I couldn’t let a blog go by without mentioning the topic on everyone’s lips – COVID.

It has had a big impact on General Practice, with the main difference being that almost all of the consultations are telephone appointments. This has been slightly strange, and can be very odd when the patient calls up with a problem which really you need to see – for example rashes, lumps and other skin conditions. Trying to get them to describe the size and shape can get you so far, but nothing beats that visual recognition. Often these patients have to pop in and see us, but most other things can be managed over the phone – for example blood test results, medication reviews, aches and pains. Its certainly provided the push for General Practice to go virtual, and how much of GP stays telephone/video consultations afterwards will be interesting to see.



February 10, 2016

A balancing actů


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Now that we are on the wards I’m starting to fully appreciate the monumental struggle doctors face to maintain a healthy work life balance. The hours are punishing and the work emotionally and physically draining. Even as a medical student the balancing act is tough. At the moment I’m in hospital 4 days a week 8-5 and on my day in GP land we are in 9-7 to see a late surgery. An average day is a long time on your feet, a few periods of absolute terror (usually when taking blood and missing!) and a lot of mental effort. I usually get home and collapse in a heap, so finding time to study is difficult and finding time to relax even harder. Having said all that even after 4 weeks it’s getting easier and I’ve simply learnt that when it gets to a certain time I just have to switch off no matter what needs doing!

In first year I didn’t get involved in many extra-curricular things although I had a small part time job on campus. I’ve kept it up this year and I’m still enjoying a couple of evenings a week totally free from medicine. I speak to graduates of the university so I get plenty of helpful tips and advice from previous students, many of whom are now practicing doctors in the local area.

A big change for me this year has been getting more involved in societies. I’m involved in the committee with a new society that is gong out into schools to teach teenagers about mental health and reduce stigma. Getting involved in projects like this is great and you feel like even as a medical student you can make a real difference and get involved in causes that you are really passionate about. I’m organising a few talks and events this year with other societies and finding more and more people in the medical school who are equally passionate about those topics. You can feel a bit odd if you’re not really into anatomy or your sole aim in life isn’t to be a trauma surgeon, but there are so many graduates studying at Warwick and so many societies you will find people who share similar interests and passions and who will point you in the direction of some amazing opportunities.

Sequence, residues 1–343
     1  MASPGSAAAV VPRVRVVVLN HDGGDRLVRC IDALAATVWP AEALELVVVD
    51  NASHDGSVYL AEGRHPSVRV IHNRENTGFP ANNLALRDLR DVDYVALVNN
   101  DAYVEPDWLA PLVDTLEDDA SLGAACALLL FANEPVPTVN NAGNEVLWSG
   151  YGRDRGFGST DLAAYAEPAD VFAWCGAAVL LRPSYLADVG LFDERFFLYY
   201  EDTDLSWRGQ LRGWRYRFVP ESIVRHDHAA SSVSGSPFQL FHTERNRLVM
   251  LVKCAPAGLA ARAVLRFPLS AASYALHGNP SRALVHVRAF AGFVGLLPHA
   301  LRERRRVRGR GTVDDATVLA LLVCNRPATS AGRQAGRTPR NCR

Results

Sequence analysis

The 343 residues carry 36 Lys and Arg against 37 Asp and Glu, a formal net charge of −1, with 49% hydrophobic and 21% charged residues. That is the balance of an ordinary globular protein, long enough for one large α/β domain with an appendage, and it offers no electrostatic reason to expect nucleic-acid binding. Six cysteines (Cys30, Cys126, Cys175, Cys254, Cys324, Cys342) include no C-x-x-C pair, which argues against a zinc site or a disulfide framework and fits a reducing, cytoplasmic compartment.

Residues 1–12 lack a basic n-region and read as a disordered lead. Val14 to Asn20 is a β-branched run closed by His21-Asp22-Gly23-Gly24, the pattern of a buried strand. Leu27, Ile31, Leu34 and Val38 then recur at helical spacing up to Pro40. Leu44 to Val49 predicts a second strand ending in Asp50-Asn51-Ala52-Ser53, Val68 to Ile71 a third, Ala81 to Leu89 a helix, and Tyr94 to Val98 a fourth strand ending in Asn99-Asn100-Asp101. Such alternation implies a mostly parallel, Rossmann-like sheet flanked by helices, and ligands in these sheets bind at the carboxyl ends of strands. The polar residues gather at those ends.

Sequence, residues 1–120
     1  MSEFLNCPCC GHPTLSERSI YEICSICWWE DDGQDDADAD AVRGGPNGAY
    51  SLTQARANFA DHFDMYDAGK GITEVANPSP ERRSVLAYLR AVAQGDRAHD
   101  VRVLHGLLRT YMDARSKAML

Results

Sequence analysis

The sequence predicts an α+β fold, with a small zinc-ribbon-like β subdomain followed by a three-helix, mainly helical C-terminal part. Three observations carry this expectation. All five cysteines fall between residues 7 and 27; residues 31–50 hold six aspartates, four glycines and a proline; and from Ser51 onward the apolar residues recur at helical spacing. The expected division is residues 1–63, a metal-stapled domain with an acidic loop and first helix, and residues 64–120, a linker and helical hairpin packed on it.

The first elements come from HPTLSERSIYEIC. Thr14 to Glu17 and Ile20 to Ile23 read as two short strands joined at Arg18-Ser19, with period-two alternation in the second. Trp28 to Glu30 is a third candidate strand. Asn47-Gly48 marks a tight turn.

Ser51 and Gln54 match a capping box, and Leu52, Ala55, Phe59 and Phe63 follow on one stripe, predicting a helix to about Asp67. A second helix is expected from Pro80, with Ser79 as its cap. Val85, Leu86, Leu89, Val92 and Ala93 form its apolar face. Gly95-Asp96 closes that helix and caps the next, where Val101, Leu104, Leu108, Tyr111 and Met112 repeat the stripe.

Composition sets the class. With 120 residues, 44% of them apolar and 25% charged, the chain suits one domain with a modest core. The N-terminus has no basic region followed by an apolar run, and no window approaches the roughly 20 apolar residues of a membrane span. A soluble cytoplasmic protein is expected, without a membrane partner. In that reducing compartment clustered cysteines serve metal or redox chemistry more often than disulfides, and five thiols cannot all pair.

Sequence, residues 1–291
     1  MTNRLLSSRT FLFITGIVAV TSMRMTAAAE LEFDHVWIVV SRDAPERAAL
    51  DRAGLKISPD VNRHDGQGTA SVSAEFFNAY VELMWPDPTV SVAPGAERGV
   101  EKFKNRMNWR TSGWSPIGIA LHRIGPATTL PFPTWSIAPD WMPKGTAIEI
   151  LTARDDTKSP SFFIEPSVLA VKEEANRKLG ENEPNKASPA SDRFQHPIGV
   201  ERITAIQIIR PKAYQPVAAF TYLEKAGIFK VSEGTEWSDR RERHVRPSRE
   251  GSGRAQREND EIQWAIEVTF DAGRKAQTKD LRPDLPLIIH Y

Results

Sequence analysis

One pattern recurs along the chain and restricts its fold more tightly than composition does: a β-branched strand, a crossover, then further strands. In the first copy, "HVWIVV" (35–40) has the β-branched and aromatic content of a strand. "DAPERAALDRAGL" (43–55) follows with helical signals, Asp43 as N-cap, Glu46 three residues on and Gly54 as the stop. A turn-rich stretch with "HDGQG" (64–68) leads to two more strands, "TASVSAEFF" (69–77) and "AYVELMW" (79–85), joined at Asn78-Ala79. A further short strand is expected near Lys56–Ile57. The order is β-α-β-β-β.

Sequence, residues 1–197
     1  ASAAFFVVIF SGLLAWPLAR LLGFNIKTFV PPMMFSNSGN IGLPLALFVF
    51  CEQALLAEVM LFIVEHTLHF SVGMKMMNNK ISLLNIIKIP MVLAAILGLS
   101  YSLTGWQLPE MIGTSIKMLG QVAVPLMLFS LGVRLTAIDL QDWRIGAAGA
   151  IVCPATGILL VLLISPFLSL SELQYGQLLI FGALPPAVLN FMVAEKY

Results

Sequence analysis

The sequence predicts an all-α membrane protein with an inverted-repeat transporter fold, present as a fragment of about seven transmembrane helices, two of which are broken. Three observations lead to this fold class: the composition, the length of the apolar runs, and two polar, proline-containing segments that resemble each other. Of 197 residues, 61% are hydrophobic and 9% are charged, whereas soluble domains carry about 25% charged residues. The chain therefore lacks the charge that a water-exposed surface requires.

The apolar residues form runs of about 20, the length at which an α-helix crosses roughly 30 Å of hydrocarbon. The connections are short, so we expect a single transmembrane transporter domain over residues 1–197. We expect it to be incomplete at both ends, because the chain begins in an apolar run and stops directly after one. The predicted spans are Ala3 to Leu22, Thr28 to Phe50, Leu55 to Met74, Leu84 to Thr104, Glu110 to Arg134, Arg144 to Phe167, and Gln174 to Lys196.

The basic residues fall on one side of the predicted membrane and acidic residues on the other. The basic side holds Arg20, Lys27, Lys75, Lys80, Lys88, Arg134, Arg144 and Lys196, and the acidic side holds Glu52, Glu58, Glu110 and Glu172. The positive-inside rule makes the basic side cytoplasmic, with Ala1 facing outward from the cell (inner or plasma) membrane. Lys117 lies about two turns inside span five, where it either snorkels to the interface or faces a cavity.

Juggling hospital, a part time job, and extra-curricular commitments is hard enough but then the medical school throws in academic days which come with the usual lectures which must be prepared for and revised as well as our case based learning sessions. Our academic days happen every two weeks on a Friday and they are very long and busy days. They are usually around one topic so it’s quite an intense day where you question if you remember anything for phase 1, but it’s also a good chance to catch up with everyone over coffee.

This week we had our first day in GP. GP consultations are so different to histories and examination in hospital so I feel like I’m having to reinvent the wheel on top of everything else! Having said this I had a great day and saw a huge variety of patients and conditions. I even used an interpreter in one of the consultations. Working in different clinical environments is a juggling act in itself and I’m sure I’ll drop a few pins before I get the hang of it!

Joanne


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Our Med Life blogs are all written by current WMS MB ChB students. Although these students are paid to blog, we don’t tell our bloggers what to say. All these posts are their thoughts, opinions and insights. We hope these posts help you discover a little more about what life as a med student at Warwick is really like.